Ben Quilty is renowned for his gestural and evocative landscapes and portrait paintings. Quilty’s practice reflect his fascination with masculine culture and social issues.
Quilty’s 2021 exhibition “The Beach” presented by Tolarno Galleries features a body of work that was created in the lead-up to the 2020 American Presidential election and then continued throughout the COVID-19 pandemic and lockdown. Inspired by the works of American realist painter George Bellows, “The Beach” is a continuation of Quilty’s exploration of Australian and masculine cultural identity.
Included within the exhibition is Freefall, a bronze sculptural edition created in a very personal response to the memorialisation of white men, like the John Batman sculptures in Melbourne. Freefall displays the body of a 60-year-old retired first responder living with post-traumatic stress disorder (PTSD). Displayed in conversation with the surrounding paintings depicting the smashed bodies of “blood sport” participants, Freefall depicts a body plagued with a different kind of fatigue. The inverted bronze figure has his identifying features, much like his traumas, buried and erased.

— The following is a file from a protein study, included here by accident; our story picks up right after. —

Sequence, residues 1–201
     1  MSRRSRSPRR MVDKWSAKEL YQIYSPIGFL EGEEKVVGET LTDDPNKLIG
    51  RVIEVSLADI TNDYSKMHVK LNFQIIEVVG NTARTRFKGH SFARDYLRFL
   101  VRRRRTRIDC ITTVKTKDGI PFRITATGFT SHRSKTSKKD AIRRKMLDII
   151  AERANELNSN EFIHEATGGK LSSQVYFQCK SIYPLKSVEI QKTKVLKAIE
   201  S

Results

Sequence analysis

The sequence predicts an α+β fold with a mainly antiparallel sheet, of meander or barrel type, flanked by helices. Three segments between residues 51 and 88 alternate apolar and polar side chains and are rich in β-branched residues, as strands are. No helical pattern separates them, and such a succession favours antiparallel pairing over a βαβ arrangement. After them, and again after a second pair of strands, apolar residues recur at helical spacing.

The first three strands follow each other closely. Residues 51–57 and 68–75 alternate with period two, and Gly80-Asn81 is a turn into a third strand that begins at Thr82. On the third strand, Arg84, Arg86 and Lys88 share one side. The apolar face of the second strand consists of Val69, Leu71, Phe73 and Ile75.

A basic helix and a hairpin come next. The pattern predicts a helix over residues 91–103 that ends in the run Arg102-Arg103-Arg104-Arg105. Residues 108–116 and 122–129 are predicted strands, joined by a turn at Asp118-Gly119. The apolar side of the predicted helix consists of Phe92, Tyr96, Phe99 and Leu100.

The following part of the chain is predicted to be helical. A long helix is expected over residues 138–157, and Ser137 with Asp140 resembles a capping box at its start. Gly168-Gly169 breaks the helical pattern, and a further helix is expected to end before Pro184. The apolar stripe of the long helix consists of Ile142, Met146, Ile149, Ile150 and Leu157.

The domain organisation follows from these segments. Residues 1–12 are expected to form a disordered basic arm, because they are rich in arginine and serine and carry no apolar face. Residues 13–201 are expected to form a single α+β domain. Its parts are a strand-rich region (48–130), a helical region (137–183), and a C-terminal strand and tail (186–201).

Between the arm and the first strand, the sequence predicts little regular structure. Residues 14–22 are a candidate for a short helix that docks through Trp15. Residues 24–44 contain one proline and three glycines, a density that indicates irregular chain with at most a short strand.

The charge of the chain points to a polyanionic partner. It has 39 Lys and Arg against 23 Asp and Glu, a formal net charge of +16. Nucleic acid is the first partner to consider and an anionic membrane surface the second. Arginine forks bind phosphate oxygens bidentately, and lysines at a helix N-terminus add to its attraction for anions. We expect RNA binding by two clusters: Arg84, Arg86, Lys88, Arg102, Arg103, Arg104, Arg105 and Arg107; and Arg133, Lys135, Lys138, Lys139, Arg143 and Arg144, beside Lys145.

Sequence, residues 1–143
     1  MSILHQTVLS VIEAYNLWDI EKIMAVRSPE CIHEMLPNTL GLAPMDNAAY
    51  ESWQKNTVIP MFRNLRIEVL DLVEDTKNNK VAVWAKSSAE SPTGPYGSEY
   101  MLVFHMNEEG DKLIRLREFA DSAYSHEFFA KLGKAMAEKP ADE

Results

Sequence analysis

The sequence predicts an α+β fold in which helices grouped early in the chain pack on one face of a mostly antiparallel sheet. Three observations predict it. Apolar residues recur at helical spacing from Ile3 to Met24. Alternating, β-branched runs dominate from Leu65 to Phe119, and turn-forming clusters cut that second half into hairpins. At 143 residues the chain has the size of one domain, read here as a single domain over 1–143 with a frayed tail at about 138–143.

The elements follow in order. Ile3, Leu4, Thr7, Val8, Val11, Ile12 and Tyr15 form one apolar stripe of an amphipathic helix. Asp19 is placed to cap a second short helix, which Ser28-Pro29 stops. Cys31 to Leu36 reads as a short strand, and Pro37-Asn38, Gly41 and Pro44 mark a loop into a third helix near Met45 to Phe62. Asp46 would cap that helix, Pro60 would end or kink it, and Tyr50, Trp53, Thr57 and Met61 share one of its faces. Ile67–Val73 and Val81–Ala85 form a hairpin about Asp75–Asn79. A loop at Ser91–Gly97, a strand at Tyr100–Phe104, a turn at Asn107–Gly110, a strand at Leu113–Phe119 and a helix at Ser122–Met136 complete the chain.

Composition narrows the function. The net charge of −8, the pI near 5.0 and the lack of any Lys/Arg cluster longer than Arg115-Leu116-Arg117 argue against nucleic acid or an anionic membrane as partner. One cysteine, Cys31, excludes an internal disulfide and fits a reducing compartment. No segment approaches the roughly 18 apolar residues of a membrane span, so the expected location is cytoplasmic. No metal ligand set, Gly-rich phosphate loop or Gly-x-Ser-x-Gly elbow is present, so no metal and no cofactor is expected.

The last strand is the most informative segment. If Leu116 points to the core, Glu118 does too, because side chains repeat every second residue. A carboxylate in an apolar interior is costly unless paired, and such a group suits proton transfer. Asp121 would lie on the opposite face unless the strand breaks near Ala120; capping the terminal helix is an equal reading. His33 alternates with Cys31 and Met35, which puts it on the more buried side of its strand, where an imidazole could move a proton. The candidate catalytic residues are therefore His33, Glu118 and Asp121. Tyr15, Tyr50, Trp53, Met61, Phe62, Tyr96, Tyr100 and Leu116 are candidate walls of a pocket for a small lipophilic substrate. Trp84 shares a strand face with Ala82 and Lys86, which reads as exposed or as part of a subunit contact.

Freefall was crafted in UAP’s Australian foundry in close collaboration with Quilty, and cast with Perides Art Projects. To ensure Quilty’s vision of a hyper-realistic sculpture was realised, the model was 3D scanned and patterns were milled by a robotic arm, before being refined in pattern making. Cast in bronze with a patina finish, this incredible editioned artwork made its debut during Quilty’s 2021 exhibition “The Beach” at Tolarno Galleries in Melbourne
Image Courtesy of Tolarno Galleries
Image Credit: Andrew Curtis & Rachel See